Iowa-chartered banks end third quarter with increase in active loans, lower net income
JOHNSTON, IOWA (Dec. 2, 2022) — In the third quarter, the Iowa banking industry demonstrated strength and met Iowans’ financial needs amidst persistent inflationary pressures and rising interest rates, according to data released Thursday by the Federal Deposit Insurance Corp. At Iowa banks, loan growth continued and asset quality measures remained favorable.
“Iowa banks continue to increase lending to our communities even as we navigate inflationary pressures and rising interest rates. Although provisions for expected credit losses are rising, loan delinquencies have behaved to date,” said John Sorensen, president and CEO of the Iowa Bankers Association. “Iowa bankers will continue to monitor economic circumstances to advise their clients as they plan their financial futures.”
Iowa Banking Results
Net income for Iowa banks was $1.07 billion through the first three quarters of 2022 — down 6.3%, or $72 million, from the same period in 2021. The decline of Iowa banks’ net income is due to an increase in provisions, which are set aside by institutions to protect against future loan losses, Sorensen said. The increase in provision expense reflects the banking industry’s recognition of risks related to persistent economic uncertainties and slowing economic growth, as well as the increase in loan balances.
Iowa-domiciled banks reported $76.2 billion in active loans on their books as of Sept. 30, an increase of 11.9% from the prior year. The quality of these loans remained strong, as net loan charge-offs were 0.02% of total loans outstanding, a slight decline from 0.03% the year prior. At 0.42%, the noncurrent percentage of total loans is down from the third quarter 2021 percentage of 0.61%.
Total deposits at Iowa banks were $101.8 billion as of Sept. 30, up 6.8% from third quarter 2021 when deposits totaled $95.3 billion.
Return on assets (ROA), another indicator of overall bank performance, declined to 1.22% from 1.39% at the end of third quarter 2021. Iowa-chartered banks’ total assets amounted to $118.3 billion at the end of third quarter 2022.
National Banking Results
Overall, the FDIC reported Thursday that key banking industry metrics remain favorable at this time. Loan growth continued, net income grew nationally and asset quality measures remained favorable, despite a rise in early delinquencies. Further, the industry remains well-capitalized and highly liquid.
At the same time, the FDIC said, the banking industry continues to face downside risks resulting from economic uncertainties, inflationary pressures, rising interest rates and geopolitical concerns. These factors could hamper bank profitability, weaken credit quality and capital, and limit loan growth. These risks will be matters of continued supervisory attention by the FDIC over the coming year.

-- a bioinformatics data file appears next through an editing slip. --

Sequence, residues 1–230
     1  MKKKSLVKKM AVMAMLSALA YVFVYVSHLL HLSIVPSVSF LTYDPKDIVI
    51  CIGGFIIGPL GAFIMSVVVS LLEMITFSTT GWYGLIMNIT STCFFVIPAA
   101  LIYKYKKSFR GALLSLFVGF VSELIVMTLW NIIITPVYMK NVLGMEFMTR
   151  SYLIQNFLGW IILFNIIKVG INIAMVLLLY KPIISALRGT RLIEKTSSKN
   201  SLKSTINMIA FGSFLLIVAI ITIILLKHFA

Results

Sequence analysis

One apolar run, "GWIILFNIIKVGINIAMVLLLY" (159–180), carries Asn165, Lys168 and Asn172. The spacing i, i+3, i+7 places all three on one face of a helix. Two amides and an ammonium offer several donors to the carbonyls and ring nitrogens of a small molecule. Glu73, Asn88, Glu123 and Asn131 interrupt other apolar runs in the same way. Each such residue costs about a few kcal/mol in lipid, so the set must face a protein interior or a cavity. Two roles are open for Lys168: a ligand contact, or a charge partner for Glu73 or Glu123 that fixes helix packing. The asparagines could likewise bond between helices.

Net operating revenue nationally increased 7.6% from second quarter 2022 to $245.4 billion. Net interest income as a percentage of average assets increased from the second quarter but remains slightly below the pre-pandemic level largely due to strong asset growth during the pandemic.
Total loan balances grew for a sixth consecutive quarter, the FDIC said. Loan growth for the industry exceeded the pre-pandemic average pace without adjusting for the reduction in Paycheck Protection Program loan balances.
The banking industry reported growth in several loan portfolios from the year-ago quarter, led by commercial and industrial loans, one-to-four family residential mortgages and consumer loans. Loan balances grew 9.9% from the previous year for the banking industry, the highest annual growth rate reported since second quarter 2006.
Community banks reported stronger loan growth, increasing 12.2% year over year, the FDIC said. Commercial real estate loan portfolios continued to drive annual loan growth for community banks.
PPP loan payoffs and forgiveness continued to affect loan growth rates nationally. Excluding the effects of PPP loan payoffs, the annual loan growth rate would have been 11.6% for the industry and 15.7% for community banks, the FDIC said.
Nationally, deposits declined for a second consecutive quarter, according to FDIC data. A reduction in uninsured deposits was the primary driver of the quarterly decline while there was a small increase in insured deposits. Deposits totaled $19.4 trillion, down 1.1% from the level reported in the second quarter. While this reduction slightly offsets the unprecedented growth in deposits reported during the pandemic, total deposits are still well above pre-pandemic levels.
The FDIC reported that the number of banks across the nation on its problem list increased by two from the previous quarter to 42 banks. However, total assets held by problem banks declined $5.7 billion to $163.8 billion in the third quarter. The number of problem banks remains near record low levels. No banks failed in the third quarter.
The Deposit Insurance Fund balance was $125.5 billion as of Sept. 30, up about $1 billion from the second quarter. The DIF reserve ratio — the fund balance relative to insured deposits — remained unchanged at 1.26% as of Sept. 30 when compared to last quarter, the FDIC said. This is one basis point lower than a year ago, when the reserve ratio was 1.27%.